Unless you’re wandering the vibrant forests of Pandora, devoid of Human contact, you’ve by now heard of and seen James Cameron’s long awaited and incredibly publicised movie, Avatar. The film has been met with almost unanimous applause from critics and audiences alike. But it seems, what people failed to predict, was that the exotic fantasy would become a double-edged sword, leaving many of its fans depressed in its wake.
I was made aware of this when I came across an interesting article at CNN.com that has been doing its rounds on the internet; receiving much commentary. Jo Piazza of CNN writes,
“James Cameron’s completely immersive spectacle “Avatar” may have been a little too real for some fans who say they have experienced depression and suicidal thoughts after seeing the film because they long to enjoy the beauty of the alien world Pandora.”
Why is this so interesting to me? Because I get to say this to the disillusioned Avatar fans: Welcome to the club, movie-going masses, you’re experiencing what many gamers have been experiencing for years. Only feeling now what I felt 9 years ago after completing Final Fantasy VIII. It’s significant, because only today is there a massive scale of people — who don’t play games — that can relate to the level of immersion gamers experience from playing video games. Albeit, such experiences do not necessarily result in suicidal thoughts. Personally however, I can totally empathize with such thoughts, and can see how they may become self destructive.
Obviously, some people are more susceptible to being sucked in than others, and not all games are capable of captivating their players in this way. In fact, a games ability to keep me in a state of immersion, is how I gauge how good a game is.1 Whether or not I can lose myself in it. Finely crafted games that successfully create and maintain the illusion of an alternate reality I dub, “experiences”, because the word “game” does not fully honour what they provide. Titles such as Final Fantasy VIII, Final Fantasy VII, Half-Life, Legacy of Kain: Soul Reaver, Dino Crisis and Silent Hill; transcended from being “just-a-game”, they blurred the lines between the real and surreal. Their consuming atmosphere was tangible. And in Final Fantasy VIII’s case, the emptiness that followed in its absence, real.
I would just like to emphasize that, although there are quite a few games out there that are immersive, Final Fantasy VIII specifically left me feeling depressed. I was like, “What do I do now?”. When I finished the game, I couldn’t believe it was over. That it was done, finished, no more. That that would be the last time I saw Rinoa and friends. The last time I would enter a world I was tremendously attached to.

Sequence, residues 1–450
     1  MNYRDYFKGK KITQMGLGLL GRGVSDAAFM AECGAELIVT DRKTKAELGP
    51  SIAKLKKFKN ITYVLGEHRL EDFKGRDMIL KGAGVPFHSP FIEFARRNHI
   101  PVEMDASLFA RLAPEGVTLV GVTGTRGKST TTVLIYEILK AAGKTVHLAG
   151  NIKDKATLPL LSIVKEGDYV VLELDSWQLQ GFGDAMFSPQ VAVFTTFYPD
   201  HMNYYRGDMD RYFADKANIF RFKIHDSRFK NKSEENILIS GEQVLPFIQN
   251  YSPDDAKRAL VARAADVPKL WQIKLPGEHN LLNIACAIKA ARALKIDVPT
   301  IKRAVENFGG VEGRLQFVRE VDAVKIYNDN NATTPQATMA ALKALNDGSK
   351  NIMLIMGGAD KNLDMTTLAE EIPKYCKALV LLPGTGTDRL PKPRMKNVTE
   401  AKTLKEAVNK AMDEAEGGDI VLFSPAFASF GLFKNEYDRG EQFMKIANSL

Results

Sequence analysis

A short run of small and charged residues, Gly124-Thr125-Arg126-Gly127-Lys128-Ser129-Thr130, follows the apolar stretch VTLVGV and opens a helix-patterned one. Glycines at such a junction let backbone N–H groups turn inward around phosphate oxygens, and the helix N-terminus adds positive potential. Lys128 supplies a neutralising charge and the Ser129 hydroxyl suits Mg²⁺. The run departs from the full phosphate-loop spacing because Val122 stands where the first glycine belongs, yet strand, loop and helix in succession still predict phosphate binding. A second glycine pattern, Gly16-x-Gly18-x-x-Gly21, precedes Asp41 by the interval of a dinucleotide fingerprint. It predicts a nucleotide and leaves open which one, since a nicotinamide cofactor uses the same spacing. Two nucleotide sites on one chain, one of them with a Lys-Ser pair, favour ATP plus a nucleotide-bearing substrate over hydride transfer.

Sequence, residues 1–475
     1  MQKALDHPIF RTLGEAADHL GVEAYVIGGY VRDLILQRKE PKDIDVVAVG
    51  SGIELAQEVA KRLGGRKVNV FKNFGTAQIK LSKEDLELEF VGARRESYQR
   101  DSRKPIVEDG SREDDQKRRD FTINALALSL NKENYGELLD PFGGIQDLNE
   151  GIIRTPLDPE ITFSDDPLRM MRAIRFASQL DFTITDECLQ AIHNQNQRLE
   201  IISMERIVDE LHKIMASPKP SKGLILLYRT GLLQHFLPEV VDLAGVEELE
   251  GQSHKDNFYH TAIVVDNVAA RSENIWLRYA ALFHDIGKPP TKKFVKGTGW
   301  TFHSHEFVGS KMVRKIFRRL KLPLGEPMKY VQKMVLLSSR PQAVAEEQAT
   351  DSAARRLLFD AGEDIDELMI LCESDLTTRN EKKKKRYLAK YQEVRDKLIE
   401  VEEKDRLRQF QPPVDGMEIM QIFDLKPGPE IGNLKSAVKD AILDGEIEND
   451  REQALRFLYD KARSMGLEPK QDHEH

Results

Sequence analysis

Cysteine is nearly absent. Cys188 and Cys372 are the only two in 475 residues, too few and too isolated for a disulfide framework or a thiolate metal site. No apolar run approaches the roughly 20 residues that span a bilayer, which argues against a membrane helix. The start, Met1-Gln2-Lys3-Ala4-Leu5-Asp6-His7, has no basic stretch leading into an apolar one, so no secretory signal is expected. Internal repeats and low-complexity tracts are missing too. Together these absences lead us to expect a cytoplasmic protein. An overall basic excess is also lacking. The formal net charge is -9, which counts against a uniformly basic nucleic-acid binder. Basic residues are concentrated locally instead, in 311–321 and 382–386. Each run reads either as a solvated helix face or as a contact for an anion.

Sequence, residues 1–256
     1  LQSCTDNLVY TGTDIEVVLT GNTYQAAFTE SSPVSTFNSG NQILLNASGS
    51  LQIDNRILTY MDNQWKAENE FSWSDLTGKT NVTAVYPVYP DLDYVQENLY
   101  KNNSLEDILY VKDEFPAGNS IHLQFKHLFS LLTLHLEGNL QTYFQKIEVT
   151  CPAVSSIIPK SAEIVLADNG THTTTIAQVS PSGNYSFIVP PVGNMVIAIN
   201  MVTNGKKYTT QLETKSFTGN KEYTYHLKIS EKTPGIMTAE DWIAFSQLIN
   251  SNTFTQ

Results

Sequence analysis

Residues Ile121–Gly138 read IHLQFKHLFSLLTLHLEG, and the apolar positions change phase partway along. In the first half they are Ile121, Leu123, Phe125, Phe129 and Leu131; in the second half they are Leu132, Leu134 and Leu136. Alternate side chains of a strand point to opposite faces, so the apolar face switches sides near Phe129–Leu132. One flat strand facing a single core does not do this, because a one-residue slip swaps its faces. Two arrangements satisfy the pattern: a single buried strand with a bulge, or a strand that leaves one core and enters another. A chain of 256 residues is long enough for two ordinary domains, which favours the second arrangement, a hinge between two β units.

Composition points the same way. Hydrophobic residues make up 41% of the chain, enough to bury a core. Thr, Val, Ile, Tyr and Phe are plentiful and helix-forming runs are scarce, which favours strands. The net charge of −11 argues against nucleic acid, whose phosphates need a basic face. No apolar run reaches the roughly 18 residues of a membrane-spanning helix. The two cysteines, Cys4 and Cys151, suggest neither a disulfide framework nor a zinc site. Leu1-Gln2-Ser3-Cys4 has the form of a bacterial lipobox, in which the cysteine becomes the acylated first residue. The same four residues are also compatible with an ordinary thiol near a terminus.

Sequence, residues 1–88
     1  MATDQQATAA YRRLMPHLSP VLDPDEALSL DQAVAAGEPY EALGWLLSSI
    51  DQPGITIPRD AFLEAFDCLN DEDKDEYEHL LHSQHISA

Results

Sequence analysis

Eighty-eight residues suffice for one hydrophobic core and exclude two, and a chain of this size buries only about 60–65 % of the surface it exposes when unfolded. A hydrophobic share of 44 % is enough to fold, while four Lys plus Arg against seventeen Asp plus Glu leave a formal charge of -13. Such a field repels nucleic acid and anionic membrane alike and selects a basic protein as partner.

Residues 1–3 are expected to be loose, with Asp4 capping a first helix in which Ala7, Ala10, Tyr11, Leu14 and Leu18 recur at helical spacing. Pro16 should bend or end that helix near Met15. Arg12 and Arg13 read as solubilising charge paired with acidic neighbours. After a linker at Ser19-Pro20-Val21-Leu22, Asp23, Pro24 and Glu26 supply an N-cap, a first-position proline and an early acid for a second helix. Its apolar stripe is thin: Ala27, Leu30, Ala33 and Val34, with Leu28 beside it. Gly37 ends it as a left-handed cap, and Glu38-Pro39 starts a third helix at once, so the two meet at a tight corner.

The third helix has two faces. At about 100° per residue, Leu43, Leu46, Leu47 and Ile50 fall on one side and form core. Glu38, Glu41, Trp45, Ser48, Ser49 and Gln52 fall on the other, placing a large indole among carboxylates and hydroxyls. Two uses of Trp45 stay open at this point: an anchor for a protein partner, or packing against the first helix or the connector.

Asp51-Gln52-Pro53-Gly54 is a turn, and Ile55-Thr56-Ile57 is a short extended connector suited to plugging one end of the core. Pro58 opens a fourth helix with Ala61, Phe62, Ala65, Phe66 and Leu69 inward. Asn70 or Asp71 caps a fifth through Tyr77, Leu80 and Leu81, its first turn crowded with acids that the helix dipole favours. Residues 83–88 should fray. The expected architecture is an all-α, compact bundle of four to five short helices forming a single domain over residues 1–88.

When I was a kid, the original DOOM showed me that I could experience fear while playing a video game. Final Fantasy VIII however, made me come to the dawning realization that a whole cornucopia of emotions could be evoked. I experienced love and strong emotional bonds between the characters. I lived a second life, in the midst of an elegantly beautiful world that I was in no hurry to leave. Like Final Fantasy VIII, Avatar had a love interest; and it’s that element specifically that leaves people with that empty feeling. An overall happy overtone that contrasts real life. You come from doing the spectacular, back to the ordinary and dull. You realize life doesn’t quite play out as magical as in a game or movie. There are no “moments”.
Having played games for many years, I’ve learnt to deal with this. I’ve become hardened to it. But as disheartening as it may be, there’s a positive flip-side. It’s an awesome thing knowing that there’s more out there. Personally, I crave and seek out games that can offer this experience to me. That I can buy a ticket to a different place. It’s like buying a dream. One of the best things ever is purchasing a good video game. On that note, Dr. Stephan Quentzel, a psychiatrist and Medical Director said in that CNN article:
“Virtual life is not real life and it never will be, but this is the pinnacle of what we can build in a virtual presentation so far”
He obviously has never played video games. Which are interactive, as opposed to passive viewing. Not to take away from Avatar, the CG was freaking insane. The facial expressions, perfect. I would go so far as to say, that Avatar was one of the only movies where I truly experienced video game-like immersion.2 Watching it in 3D certainly helped. It really did feel like it physically took you along for the ride. The setup was perfect. You experience Pandora and the Na’vi with Jake Sully (the main protagonist). Every time he went to sleep and his conscience possessed his Na’vi body, you were seeing things for the first time as he did. You learnt and discovered with him. When he woke in shock, to a cold reality, it hit you as well. I was actually quite jarred and confused after seeing Avatar, as straight after watching the evening show, and because it was a long movie, by the time I got home I immediately went to bed. As I laid on my bed, I thought I was Jake, about to sleep and wake-up in an alien body. It was pretty bizarre but exciting too.
Somehow James Cameron has also managed to make it possible, for a person to find a blue female alien attractive. Moving on.
Immersion is one of the key pillars of why I deem video games a superior form of entertainment, and it’s quite interesting to finally see it emerging within the world of cinema. Immersion is a vitally important topic to me, and I’ve contended at length to retain its integrity.
Neytiri is hot.
- Certain exceptions apply. Realism and immersion isn’t necessarily every games goal. Puzzle games for example. ↩
- The only other movie I can think of — as of this writing — where I really felt incredibly immersed, was Cloverfield. ↩
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